The president also conducted a series of TV interviews with stations in swing  states. In one of those chats, Obama recalled his victory in North Carolina in  2008, where he won by just 14,000 votes over Republican John McCain.

“Do not think that your vote will not make a difference,” Obama said as he  implored voters to get out to the polls.

“When we won North Carolina last time, we won it by an average of five votes  per precinct, which means that everybody who is listening right now, I know you  can find five people who didn’t vote, who have not yet voted.”

More than 45 million Americans had already cast their ballots in early voting  by the time Tuesday rolled around.

For those who trudged to the polls on election day, sporadic problems awaited  them at polling stations across the country, especially in the key battleground  states.

The race for the White House had been a dead heat, with polls showing Obama  and Romney tied nationally for weeks as they offered up competing visions for  the country.

The president, however, had pulled ahead nationally in a pair of polls  released this week. Obama has also had persistent, narrow leads in several of  the battleground states; he’s also reportedly had the edge in early voting.

Obama’s improved showing in a slew of recent surveys suggested his response  to mega-storm Sandy, which devastated New York and New Jersey last week, had won  him crucial support in those swing states.

Most of those surveyed have given the president high marks when asked about  his handling of federal relief efforts.

Sandy underscored one of the key themes of the election — the role of  government in the lives of citizens. Romney once suggested federal funding for  disaster relief was “immoral.” The plight of the middle class was another  primary topic of disagreement.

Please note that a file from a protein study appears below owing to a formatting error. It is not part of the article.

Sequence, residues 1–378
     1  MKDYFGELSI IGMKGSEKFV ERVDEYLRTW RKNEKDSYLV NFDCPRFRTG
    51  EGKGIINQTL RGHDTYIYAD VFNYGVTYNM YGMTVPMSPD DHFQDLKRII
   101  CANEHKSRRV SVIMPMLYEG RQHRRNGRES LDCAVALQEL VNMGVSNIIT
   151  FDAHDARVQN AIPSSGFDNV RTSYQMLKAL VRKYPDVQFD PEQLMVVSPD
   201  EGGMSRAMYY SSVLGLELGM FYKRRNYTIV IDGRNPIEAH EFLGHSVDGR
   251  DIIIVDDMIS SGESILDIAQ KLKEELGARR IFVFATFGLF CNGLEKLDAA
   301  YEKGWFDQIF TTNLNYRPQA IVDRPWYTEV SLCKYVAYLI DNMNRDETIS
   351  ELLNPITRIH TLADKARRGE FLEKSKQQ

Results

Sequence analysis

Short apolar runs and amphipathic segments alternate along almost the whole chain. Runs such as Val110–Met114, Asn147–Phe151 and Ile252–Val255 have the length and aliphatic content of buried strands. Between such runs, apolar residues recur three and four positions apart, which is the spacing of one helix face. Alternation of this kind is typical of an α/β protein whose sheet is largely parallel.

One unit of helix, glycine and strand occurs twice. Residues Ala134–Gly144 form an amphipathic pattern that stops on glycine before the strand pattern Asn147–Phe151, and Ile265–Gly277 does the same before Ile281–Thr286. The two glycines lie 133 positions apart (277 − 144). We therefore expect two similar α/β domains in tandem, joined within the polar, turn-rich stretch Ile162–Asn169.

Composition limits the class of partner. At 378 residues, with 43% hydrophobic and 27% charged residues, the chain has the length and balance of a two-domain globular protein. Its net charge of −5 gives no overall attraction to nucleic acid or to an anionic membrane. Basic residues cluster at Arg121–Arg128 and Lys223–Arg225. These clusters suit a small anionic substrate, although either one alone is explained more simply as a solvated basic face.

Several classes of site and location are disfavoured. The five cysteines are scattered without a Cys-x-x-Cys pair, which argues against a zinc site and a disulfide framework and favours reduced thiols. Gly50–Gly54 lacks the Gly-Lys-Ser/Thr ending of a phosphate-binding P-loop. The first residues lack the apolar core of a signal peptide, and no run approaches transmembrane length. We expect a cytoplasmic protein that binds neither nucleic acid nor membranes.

Obama has been vilified by Republicans for a tepid economic recovery  following the financial meltdown that took stubborn hold of the United States  just as he won the White House in 2008.

They’ve also accused him of being a socialist, saying he’s expanding  government and creating a welfare state while raising taxes and running up the  national debt to monstrous levels.

In fact, Obama has cut taxes and shrunk government during his four years in  office, slashing more than half a million federal jobs since 2009.

His predecessor, George W. Bush, ran up the debt to unprecedented levels  while financing two overseas wars. The billions Obama has spent in corporate  bailouts and economic stimulus measures are credited by many economists with  putting the brakes on what might have been a full-fledged depression.

Democrats, meantime, warned Americans that the wealthy Romney and his running  mate, Ryan, will slash cherished entitlement programs, including Medicare, and  push through 1950s-era social policies on abortion and contraception.

They also said he’d roll back Obama’s Wall Street regulations to the  relatively lawless state of affairs that allowed the financial meltdown to  happen in the first place.

Team Obama also mocked Romney’s proposals to cut taxes across the board,  increase defence spending and dramatically reduce the national debt as  mathematically impossible, insisting the middle class will ultimately pay the  price under a Republican presidency.

And yet Tuesday night’s congressional winners and losers were every bit as  important as the ultimate White House victor. Congress, after all, is more  powerful than the executive branch in terms of bringing to life — or snuffing  out — a president’s legislative hopes and dreams.

The makeup of Congress remained relatively unchanged, with Republicans  maintaining control of the House of Representatives and Democrats dominating the  Senate.

That means he’ll face a Republican House that’s no warmer to his agenda than  it has been for the past two fractious years.

Categories: World News | 3 Comments

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3 thoughts on “Obama: Re-elected President 2012

  1. electrode2004

    Your bg is amazing but the MJ part sucks for me :p